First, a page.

Mouse Guard is an epic tale of minuscule proportions. Literally. The heroes of this series are mice; the aforementioned Mouse Guard are those who protect mice travelling in the wilderness between mouse cities. It’s a fascinating concept that reads like a cross between folk tales, a Greek odyssey, and fables for children. Mouse Guard is not for the faint of heart though: it has brutal moments of loss to accompany each all-too-short celebration. Life is not easy for these small creatures, but they exhibit exceptional fortitude and courage throughout the series. That doesn’t stop them from having the same societal issues that plague humanity: civilization comes at a cost and there are always those who are willing to upset any peace or harmony that has been achieved. It’s a grandiose mythos and this latest chapter, Mouse Guard: The Black Axe, does not disappoint.
Taking place long before the events of Fall 1152 and Winter 1152, Mouse Guard: The Black Axe tells the tale of this fabled weapon that played a large role in both books. Thankfully for new readers, you don’t need to be up to date with the series to jump in on this latest installment. Readers both old and new should pick up The Black Axe, as it may be the strongest chapter so far.
The narrative is ambitious, reading like ancient lore without falling prey to being corny or cliché. The story of the Axe begins with Celanawe and Em, last of their line in the long history of axe bearers. Their lineage goes back all the way to Farrer, the mouse who originally forged The Black Axe out of his sorrow at the loss of his family. It was intended to be a powerful implement that would right the wrongs that befell his line. Handed from heir to heir through history, it was somehow lost along the way and its current whereabouts are unknown. Em has spent years searching for it and tracks Celanawe down to assist in her quest. As the last two heirs of this legendary weapon, they are tasked with its recovery and Em has secured leave from the Mouse Territories’ current matriarch Branwyn, in order to officially enlist Celanawe. He is of the Mouse Guard order and his loyalty for his matriarch is only outmatched by his secret love for Branwyn. He begins the tale willing to follow Em to the ends of the earth at Branwyn’s behest, and only towards the end does he truly begin to realize the importance of the mythical implement they seek.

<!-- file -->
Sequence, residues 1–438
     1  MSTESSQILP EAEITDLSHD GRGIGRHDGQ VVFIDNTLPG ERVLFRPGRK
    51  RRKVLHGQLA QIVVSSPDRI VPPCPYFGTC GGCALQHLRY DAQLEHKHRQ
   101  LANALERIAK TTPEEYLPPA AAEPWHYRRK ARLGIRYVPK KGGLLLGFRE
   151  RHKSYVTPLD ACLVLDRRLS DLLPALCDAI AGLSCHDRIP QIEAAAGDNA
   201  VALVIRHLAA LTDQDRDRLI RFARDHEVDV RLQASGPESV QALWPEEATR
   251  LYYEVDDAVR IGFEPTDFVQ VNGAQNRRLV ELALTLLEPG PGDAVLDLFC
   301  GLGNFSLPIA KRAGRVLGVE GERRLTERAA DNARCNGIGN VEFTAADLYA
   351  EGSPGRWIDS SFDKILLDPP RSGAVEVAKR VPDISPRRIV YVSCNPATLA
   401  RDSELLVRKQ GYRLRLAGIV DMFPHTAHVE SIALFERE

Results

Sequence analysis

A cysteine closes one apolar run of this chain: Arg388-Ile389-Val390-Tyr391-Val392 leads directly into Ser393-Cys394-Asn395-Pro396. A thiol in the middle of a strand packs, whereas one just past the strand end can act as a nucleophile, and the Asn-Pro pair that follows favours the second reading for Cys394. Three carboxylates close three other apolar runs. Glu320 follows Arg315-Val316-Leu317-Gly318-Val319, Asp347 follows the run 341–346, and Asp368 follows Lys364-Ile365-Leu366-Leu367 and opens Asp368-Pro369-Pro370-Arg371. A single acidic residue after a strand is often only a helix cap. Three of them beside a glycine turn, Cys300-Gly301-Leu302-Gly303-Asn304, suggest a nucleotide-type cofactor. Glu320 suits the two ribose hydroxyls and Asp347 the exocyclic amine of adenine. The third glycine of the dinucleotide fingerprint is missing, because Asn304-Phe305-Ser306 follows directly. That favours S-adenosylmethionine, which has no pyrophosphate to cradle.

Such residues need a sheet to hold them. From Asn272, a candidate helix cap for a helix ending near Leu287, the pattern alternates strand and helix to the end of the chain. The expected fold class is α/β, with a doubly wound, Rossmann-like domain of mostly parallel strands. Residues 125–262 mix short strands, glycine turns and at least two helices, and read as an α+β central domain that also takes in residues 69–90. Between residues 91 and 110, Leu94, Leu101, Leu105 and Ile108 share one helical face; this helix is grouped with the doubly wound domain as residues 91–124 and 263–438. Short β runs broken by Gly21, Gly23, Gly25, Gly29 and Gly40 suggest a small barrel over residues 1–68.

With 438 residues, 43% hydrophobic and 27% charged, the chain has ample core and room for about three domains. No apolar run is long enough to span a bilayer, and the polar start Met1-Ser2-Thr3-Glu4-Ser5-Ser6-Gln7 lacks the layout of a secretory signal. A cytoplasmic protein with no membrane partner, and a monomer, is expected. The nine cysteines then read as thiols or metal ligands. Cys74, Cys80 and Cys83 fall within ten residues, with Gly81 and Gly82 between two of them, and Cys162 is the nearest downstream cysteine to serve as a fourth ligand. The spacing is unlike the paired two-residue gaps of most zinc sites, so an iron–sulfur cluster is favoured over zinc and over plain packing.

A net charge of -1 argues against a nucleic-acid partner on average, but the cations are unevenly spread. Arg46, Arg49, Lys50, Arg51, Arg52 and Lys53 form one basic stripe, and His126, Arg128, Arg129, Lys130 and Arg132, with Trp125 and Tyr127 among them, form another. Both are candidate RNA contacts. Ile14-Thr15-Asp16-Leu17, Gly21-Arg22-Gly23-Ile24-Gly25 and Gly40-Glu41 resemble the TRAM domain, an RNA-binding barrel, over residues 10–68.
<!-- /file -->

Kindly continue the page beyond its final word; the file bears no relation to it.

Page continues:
David Petersen’s vision of the Mouse Guard world is stunningly intricate and well thought out. The scope of the story could easily seem too elaborate or opulent for such small characters, but he manages to ground the mice in a humble way that will quickly endear them to readers. As both writer and illustrator for this series, every chapter is cohesive, with new elements of mystery and intrigue added to our tiny protagonist’s lives. Celanawe and Em are honourable, courageous mice that we grow to care for very quickly. Danger is ever present in their world and Petersen illustrates their peril with precision: each snap of a ferret’s teeth or cry from a besieged crow makes the reader’s guts churn in dread for their pint sized heroes’ well being. Surely these mice are more capable than any others you’re likely to meet but they are still the smallest of the mammals in this story, equally at the whim of nature’s fury and other beasts’ hunger. They press on nonetheless, an inspiration to even humankind. Mouse Guard is more than just a tale of mice: it holds enduring lessons for readers of all ages and astonishing art to accompany it. Every page brings a vivid realism to their world and truly makes these mice larger-than-life.
Issue #6 of The Black Axe is out on February 13, completing Celanawe’s tale filled with adventure, friendship, love and loss. Though this story ties into the overall Mouse Guard mythos, The Black Axe is a wonderful stand-alone tale that holds up remarkably well compared to other fables with far more history. Do you have the fortitude to uncover the history of The Black Axe?
“Hail all those who are able, any mouse can, any mouse will, but the Guard prevail.”